The rear yard of the Anderson premises is enclosed by a fence. There was a gate in the fence at one of the rear corners of the house affording entry to the yard and back door. The earth near the gate was moist and soft. An investigative officer came to the Anderson residence shortly following the report to the police. He and Mr. Anderson found two sets of footprints entering and leaving the yard. In the heel portion of one was the clear imprint "Florsheim."
All the information available was broadcast on the police radio, as was information of an earlier burglary in which jewelry and a radio were taken. Shortly after 10:00 p. m. that evening the investigating officer and another officer noticed the defendants on foot about two blocks from the Anderson residence. The defendants met the description given by Mr. Erskine. The officers approached the defendants and asked to examine the bottoms of their shoes. It was apparent to the officers that the heel of one of the shoes had made the "Florsheim" footprint. The officers frisked the defendants, finding items that might be used in a burglary. They inquired of the defendants as to what they were doing, and were advised that the defendants' automobile, which was parked a short distance away, had broken down and that they were proceeding to a service station. The officers arrested the defendants.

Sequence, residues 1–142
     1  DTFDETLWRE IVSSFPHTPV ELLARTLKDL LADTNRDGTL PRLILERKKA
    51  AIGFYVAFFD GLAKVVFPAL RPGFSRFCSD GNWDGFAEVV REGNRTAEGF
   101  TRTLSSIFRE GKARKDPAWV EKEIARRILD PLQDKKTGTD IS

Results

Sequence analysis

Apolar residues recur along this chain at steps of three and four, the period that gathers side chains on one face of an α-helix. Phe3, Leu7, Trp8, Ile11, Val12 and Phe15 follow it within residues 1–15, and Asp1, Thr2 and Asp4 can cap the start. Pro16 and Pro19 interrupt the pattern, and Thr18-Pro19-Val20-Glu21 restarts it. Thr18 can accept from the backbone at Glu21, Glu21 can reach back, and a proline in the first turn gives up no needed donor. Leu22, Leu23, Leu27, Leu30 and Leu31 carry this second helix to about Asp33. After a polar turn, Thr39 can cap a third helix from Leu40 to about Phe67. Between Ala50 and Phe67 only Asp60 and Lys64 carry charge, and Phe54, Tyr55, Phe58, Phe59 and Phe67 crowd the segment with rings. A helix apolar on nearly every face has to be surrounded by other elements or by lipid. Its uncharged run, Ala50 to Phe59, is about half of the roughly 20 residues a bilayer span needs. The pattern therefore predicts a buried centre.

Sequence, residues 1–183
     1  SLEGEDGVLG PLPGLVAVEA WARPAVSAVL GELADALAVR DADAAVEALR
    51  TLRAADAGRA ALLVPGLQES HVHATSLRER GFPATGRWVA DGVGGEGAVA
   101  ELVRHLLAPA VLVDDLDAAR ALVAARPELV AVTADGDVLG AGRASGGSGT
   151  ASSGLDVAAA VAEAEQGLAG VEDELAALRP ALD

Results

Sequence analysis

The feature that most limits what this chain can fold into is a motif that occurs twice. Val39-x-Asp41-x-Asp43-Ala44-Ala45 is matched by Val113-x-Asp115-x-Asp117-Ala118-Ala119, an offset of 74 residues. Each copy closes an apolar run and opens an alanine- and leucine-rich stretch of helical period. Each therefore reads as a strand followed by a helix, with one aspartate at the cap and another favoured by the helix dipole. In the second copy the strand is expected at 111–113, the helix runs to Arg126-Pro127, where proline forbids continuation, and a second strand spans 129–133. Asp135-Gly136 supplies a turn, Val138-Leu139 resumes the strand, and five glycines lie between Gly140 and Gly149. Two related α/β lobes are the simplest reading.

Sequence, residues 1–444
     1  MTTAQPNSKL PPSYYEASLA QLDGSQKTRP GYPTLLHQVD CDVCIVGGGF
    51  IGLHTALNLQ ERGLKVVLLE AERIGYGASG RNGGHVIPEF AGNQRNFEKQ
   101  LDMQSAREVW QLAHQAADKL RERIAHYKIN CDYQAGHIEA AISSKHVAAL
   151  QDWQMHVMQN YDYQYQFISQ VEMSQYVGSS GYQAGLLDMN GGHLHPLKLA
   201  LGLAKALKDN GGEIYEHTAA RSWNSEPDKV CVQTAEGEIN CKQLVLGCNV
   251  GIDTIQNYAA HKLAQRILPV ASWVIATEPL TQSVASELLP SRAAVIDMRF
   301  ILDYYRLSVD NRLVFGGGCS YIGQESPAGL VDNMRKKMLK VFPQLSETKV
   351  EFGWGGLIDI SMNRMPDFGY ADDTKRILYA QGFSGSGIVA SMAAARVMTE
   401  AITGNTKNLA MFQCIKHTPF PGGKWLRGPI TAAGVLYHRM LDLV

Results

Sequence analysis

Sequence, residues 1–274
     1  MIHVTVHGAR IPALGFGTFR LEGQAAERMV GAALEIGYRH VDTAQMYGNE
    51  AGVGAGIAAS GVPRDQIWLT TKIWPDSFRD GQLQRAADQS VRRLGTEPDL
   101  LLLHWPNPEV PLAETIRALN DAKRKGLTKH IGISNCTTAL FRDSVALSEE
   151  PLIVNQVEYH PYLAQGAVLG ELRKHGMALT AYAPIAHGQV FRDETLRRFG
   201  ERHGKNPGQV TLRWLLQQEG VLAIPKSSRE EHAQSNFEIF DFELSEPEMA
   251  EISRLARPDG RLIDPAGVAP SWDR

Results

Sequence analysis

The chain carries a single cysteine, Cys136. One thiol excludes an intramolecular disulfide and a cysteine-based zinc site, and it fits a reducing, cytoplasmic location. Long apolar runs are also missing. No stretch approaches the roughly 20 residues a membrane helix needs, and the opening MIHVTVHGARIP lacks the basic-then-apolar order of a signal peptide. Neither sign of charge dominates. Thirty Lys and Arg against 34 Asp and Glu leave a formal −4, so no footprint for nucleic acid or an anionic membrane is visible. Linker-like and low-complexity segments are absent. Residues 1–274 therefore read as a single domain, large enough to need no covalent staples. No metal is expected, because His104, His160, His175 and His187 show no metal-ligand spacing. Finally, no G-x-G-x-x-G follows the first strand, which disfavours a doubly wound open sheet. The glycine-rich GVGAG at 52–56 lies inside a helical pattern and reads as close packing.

One of the officers then flashed a light into the indicated car, seeing in plain view on the back seat two open paper sacks, containing, among other things, jewelry and a radio. When one of the officers opened the front door of the vehicle to remove the keys, he observed a sack of coins. The contents of the sacks are the alleged stolen property of one case and the coins, as well as a watch later found in the police car in which the defendants were taken to the police station, are the property allegedly the subject of theft of the other case. At the hearings on the motions to suppress the evidence is undisputed that these articles had been taken in the two burglaries.